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Monitoring food security in food crisis countries with conflict situations

A joint FAO/WFP update for the members of the United Nations Security Council, May 2022 - Issue no. 10









FAO and WFP. 2022. Monitoring food security in food crisis countries with conflict situations. A joint FAO/WFP update for the members of the United Nations Security Council, Issue no. 10, May 2022. Rome.




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    Book (stand-alone)
    Monitoring food security in food crisis countries with conflict situations
    A joint FAO/WFP update for the members of the United Nations Security Council, November 2022 - Issue No. 11
    2022
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    This report provides an update on the acute food insecurity in countries and territories that have the world’s highest burden of people in need of emergency food, nutrition and livelihood assistance as a result of protracted conflict combined with other factors. This issue focuses on the following countries: Afghanistan, Burkina Faso, Cameroon, the Central African Republic, Chad, the Democratic Republic of the Congo, Ethiopia, Haiti, Iraq, Mali, Mozambique, Myanmar, northern Nigeria, the Niger, Palestine, Somalia, South Sudan, the Sudan, the Syrian Arab Republic and Yemen. The Food and Agriculture Organization of the United Nations (FAO) and the World Food Programme (WFP) have jointly produced this report for the members of the United Nations Security Council (UNSC) since June 2016.
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    Book (stand-alone)
    Monitoring food security in food crisis countries and territories with conflict situations
    A joint FAO/WFP update for the members of the United Nations Security Council, April 2023. Issue no.12
    2023
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    This is the twelfth update of the Monitoring food security in food crisis countries and territories with conflict situations. Through this report, the Food and Agriculture Organization of the United Nations (FAO) and the World Food Programme (WFP) inform the United Nations Security Council (UNSC) members on acute food insecurity situations, livelihood disruptions and the need for humanitarian assistance in countries affected by conflict and insecurity, where access to populations in need is often challenging. This issue focuses on the following countries: Afghanistan, Burkina Faso, Cameroon, the Central African Republic, Chad, the Democratic Republic of the Congo, Ethiopia, Haiti, Mali, Mozambique, Myanmar, the Niger, Nigeria, Palestine, Somalia, South Sudan, the Sudan, the Syrian Arab Republic and Yemen. FAO and WFP have jointly produced this twice-yearly report for the members of the UNSC since June 2016.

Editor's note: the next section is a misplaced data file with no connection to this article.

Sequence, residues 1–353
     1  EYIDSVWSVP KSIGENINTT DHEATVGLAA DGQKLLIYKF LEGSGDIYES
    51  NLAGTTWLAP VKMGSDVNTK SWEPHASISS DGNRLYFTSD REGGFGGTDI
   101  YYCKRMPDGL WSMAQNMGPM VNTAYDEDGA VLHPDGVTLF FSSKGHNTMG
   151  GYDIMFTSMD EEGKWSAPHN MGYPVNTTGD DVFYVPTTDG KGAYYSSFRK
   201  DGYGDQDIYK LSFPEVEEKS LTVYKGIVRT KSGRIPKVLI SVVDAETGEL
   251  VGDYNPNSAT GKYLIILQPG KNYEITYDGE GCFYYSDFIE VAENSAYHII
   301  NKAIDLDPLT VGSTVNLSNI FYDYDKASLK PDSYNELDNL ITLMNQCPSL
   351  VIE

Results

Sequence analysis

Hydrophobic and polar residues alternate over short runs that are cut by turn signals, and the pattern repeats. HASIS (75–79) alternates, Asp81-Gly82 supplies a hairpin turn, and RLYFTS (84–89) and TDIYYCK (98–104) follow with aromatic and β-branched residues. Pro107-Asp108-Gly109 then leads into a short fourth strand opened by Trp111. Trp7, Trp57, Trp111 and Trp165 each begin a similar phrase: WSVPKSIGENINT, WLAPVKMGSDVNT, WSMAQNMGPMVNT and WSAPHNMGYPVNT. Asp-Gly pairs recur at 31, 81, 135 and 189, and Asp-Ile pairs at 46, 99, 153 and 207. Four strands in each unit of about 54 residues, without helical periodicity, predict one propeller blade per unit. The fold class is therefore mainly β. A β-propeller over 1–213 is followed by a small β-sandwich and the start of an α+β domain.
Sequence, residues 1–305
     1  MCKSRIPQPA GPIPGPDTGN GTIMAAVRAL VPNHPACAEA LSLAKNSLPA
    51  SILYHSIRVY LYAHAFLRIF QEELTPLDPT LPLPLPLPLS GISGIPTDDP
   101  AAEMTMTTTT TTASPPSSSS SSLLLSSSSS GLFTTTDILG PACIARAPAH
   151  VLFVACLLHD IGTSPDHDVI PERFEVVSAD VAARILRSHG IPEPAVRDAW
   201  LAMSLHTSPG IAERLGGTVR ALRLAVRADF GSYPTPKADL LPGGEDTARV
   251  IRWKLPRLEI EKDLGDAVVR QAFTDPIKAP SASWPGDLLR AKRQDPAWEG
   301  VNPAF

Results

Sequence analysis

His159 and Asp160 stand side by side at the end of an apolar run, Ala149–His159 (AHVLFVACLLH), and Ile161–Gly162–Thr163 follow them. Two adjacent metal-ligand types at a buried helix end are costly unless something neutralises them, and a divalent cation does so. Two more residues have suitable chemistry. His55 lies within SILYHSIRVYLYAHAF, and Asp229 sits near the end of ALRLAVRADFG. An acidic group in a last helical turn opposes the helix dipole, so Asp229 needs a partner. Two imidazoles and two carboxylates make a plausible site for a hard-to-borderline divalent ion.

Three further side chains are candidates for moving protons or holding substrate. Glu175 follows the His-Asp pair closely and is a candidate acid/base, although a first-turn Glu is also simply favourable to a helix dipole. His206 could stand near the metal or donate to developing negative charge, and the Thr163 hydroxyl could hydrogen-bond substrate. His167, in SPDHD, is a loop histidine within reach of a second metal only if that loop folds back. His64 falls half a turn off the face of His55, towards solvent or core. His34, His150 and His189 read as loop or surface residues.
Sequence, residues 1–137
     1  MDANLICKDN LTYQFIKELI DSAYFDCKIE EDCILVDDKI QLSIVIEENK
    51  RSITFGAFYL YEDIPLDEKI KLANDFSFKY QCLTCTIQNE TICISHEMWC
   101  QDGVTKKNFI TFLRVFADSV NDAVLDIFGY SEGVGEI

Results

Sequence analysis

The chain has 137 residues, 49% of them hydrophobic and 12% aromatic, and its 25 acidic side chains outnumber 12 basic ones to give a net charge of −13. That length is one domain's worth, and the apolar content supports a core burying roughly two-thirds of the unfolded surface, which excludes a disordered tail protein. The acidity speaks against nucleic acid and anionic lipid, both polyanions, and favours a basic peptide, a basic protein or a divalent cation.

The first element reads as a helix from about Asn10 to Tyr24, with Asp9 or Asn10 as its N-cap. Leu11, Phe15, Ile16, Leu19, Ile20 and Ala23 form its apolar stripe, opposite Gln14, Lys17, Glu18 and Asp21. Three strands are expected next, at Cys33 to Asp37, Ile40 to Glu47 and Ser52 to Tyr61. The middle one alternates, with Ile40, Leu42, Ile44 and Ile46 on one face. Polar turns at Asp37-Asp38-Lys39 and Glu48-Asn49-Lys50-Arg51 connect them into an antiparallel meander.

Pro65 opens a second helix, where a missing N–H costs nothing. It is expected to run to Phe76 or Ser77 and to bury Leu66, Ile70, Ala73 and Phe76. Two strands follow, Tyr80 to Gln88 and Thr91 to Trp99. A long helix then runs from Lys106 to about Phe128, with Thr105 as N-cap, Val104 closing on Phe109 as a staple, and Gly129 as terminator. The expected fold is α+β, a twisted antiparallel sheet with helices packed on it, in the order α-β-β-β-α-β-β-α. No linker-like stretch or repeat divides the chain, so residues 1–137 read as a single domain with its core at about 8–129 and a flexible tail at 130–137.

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    Booklet
    Monitoring food security in countries with conflict situations
    A joint FAO/WFP update for the members of the United Nations Security Council
    2019
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    This update, facilitated by the Food Security Information Network and produced under the Global Network Against Food Crises, provides the members of the United Nations Security Council with an overview of the magnitude, severity and drivers of acute food insecurity in nine countries and territories that have the world’s highest burden of people in need of emergency food, nutrition and livelihood assistance as a result of protracted conflict combined with other factors. This issue focuses on the acute food insecurity situation in: Afghanistan, the Central African Republic, the Democratic Republic of the Congo, the Lake Chad Basin, Somalia, South Sudan, the Sudan, the Syrian Arab Republic and Yemen. The latest evidence clearly shows a general deterioration in the food security situation in countries with conflict between January and August 2019. In South Sudan, food security has continued to decline despite the peace process. Similarly, a worsening situation is observed in the Lake Chad Basin (particularly in Cameroon’s Far North), the Sudan, Afghanistan and the Syrian Arab Republic. In Yemen and the Central African Republic, armed conflict has persisted even after the implementation of peace accords. The provision of multi-sector humanitarian assistance has been vital in preventing catastrophic food crises in these countries from worsening. Yet, access to distribute relief assistance, assess needs and monitor beneficiaries is severely constrained by continued fighting and violence against humanitarian workers. High fuel prices, checkpoints, landmines and explosive remnants of war, damaged roads and difficult terrain have further exacerbated access constraints in these countries/territories.

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